...where time is the ultimate luxury.
I'm on my way back to Gulfport after a two week vacation to the East Coast. My flights were delayed and I was left in a hotel in Atlanta overnight. I choose to see this as Delta Airlines recognition of my need for some time and space for a proper emotional transition back into life on the Gulf Coast.
A funny thing happens down there. You get so used to the Katrina mess being an all consuming presence that you don't understand how the rest of the world can function without talking about flood lines, mandatory evacuation zones, smart codes, drywall, plumbing, HVAC, grants, pods, volunteers, FEMA, phase one, phase two, cottages, etc. I forget that there are millions of Americans walking around their daily lives without the constant pressing panic of disaster recovery on their hearts, minds and shoulders.
Then you go to the beach, or M Street in Georgetown, or Harvard Square in Cambridge or the Atlanta Airport. Life goes on like "normal". Families play, people spend way too much money on shoes, cars, clothes, and toys. Dinner out means talk about friends, pop-culture and some politics, sure, but not the homelessness of the thousands on the Gulf Coast- or elsewhere for that matter.
My first instinct is to be angry. I can't tolerate the ignorance and apathy. What are they doing with their time/money/lives?????
But as the two weeks of my vacation went by I am slowly reminded that many of these people are just as absorbed in their own worlds as I am in mine on the Gulf Coast. They are making local schools better and fighting for the environment. They are helping patients at a Baltimore hospital and serving the Rotary in MA. They are promoting eco-tourism in Guatemala and volunteering at church in SC. They are involved in local politics and report the news for the local paper. They are loving, compassionate mothers, fathers, brothers, sisters and friends.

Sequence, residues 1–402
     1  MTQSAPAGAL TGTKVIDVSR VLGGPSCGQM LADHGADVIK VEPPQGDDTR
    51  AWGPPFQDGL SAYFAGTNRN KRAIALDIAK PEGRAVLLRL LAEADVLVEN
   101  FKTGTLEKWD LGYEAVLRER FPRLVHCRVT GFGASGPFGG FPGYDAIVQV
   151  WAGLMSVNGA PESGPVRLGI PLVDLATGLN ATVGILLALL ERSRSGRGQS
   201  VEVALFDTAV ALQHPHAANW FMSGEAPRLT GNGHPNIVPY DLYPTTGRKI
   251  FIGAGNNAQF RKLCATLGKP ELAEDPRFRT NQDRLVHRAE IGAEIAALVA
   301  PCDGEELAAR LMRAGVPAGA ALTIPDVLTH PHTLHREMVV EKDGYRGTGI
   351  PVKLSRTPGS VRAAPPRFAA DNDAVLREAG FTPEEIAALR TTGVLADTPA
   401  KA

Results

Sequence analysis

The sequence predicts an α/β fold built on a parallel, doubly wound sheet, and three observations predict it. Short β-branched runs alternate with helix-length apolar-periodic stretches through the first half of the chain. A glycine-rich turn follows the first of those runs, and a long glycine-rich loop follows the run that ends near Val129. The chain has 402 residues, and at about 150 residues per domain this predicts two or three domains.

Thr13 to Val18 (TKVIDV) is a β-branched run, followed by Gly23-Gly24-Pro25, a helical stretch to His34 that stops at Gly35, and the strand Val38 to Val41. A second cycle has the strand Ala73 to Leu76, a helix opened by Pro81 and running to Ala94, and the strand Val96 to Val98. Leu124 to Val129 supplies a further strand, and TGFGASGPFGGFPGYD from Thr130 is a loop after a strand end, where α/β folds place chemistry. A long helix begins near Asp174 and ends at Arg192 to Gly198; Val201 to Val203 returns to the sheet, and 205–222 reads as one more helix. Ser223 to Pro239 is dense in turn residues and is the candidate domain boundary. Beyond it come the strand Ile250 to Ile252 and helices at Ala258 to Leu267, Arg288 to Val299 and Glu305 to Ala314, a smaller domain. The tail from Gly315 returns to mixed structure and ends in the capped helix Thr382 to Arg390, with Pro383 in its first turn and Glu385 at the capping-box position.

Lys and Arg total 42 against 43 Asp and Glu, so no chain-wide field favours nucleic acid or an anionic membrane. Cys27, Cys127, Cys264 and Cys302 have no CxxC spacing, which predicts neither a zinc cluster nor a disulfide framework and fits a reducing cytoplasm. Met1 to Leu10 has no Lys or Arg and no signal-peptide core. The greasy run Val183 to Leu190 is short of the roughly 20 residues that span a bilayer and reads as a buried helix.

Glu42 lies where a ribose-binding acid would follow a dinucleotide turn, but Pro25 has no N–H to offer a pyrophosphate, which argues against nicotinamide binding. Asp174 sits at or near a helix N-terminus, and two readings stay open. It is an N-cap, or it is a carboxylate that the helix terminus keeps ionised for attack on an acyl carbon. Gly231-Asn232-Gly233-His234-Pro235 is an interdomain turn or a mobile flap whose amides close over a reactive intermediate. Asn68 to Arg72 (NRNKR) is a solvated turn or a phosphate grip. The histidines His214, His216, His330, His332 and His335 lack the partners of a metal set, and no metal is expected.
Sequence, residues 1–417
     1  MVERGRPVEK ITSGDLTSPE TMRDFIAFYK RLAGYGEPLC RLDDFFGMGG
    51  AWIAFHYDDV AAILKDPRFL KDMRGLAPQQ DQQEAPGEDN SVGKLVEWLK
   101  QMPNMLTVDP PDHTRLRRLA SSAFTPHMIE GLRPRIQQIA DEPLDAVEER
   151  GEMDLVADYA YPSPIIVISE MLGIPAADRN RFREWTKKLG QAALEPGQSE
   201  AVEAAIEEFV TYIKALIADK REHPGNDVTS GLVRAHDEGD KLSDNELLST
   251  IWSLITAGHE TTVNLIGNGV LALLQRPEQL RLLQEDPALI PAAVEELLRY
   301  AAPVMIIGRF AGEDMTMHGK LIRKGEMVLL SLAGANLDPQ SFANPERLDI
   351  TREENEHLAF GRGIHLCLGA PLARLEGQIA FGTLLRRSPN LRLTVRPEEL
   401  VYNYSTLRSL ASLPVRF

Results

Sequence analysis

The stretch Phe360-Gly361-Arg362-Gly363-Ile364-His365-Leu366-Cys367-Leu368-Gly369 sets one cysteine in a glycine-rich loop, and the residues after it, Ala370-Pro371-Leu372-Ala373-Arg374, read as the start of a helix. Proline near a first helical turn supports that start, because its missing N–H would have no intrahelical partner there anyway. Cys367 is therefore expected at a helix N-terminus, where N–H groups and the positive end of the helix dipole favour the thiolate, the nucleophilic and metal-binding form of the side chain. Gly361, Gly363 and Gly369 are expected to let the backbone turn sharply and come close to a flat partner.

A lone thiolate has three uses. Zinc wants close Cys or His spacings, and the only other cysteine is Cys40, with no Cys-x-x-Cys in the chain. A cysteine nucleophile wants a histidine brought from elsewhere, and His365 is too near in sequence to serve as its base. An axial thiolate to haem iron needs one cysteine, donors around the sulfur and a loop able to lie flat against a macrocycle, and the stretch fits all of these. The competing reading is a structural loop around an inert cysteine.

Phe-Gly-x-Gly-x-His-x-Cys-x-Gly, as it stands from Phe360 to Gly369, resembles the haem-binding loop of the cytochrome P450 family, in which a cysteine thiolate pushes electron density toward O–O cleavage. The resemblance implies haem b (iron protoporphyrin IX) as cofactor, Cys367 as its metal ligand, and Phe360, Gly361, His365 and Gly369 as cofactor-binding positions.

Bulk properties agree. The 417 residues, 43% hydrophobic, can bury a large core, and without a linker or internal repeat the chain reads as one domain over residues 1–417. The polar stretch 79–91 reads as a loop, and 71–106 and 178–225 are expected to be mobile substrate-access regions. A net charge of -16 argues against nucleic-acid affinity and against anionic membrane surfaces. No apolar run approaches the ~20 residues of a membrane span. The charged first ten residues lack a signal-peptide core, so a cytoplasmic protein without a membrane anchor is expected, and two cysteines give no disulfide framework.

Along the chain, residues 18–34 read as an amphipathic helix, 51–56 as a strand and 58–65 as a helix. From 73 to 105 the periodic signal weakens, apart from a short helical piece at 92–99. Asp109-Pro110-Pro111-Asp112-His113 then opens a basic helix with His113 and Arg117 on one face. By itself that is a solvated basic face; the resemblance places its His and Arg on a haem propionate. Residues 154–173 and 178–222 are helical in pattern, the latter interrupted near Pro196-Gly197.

Sure, not everyone in every cute New England boutique is doing everything they can to help out, but....oh hey wait, those are cute shoes. No! How does that happen after only two weeks? The draw of a more comfortable (?) life has sucked me in again. Two freaking weeks. It would be so easy to walk away from the coast right now and find a less-stressful job and a cute downtown apartment in any one of the great places still on my "to live" list.
All of this had me spinning yesterday while enjoying lunch with my cousin on a busy street in Cambridge. I was in no shape to jump on the plane back to Gulfport, to the life I wasn't totally prepared to re-join. Stressed doesn't begin to cover what I was feeling.
But then I heard a little southern in my voice when I spoke with strangers on the T. And I heard myself tell a recent college grad about the work we're doing on the coast and she asked me to email her more information about how to get involved. When I checked in at Logan, they asked if I was going on vacation and I realized after the words had left my mouth that I'd said, "No. I'm going home."
When the flight out of Boston was delayed for an hour and I learned that I'd miss my connection out of Atlanta, I didn't freak out, like so many others flying Delta in or out of ATL yesterday. I was calm the whole time. This is not like me. I had an interview at 8:30 the next morning. I have a full voicemail box. There is so much work to be done and not enough time to do it. But the idea of spending a few hours alone in a hotel room to repair and prepare sounded like an incredible opportunity.
So after some reflection, prayer, and time I am ready to return. There is much work to be done. In Mississippi, but also in Baltimore, DC, Boston, and around the world. God's led me to the Gulf Coast this time. She knows there is a place there for me, because she created it. She gave me great roommates and friends, a loving support system of pastors and volunteers, and plenty of people to help and work to do.
Now I just need to catch one more flight and get to it!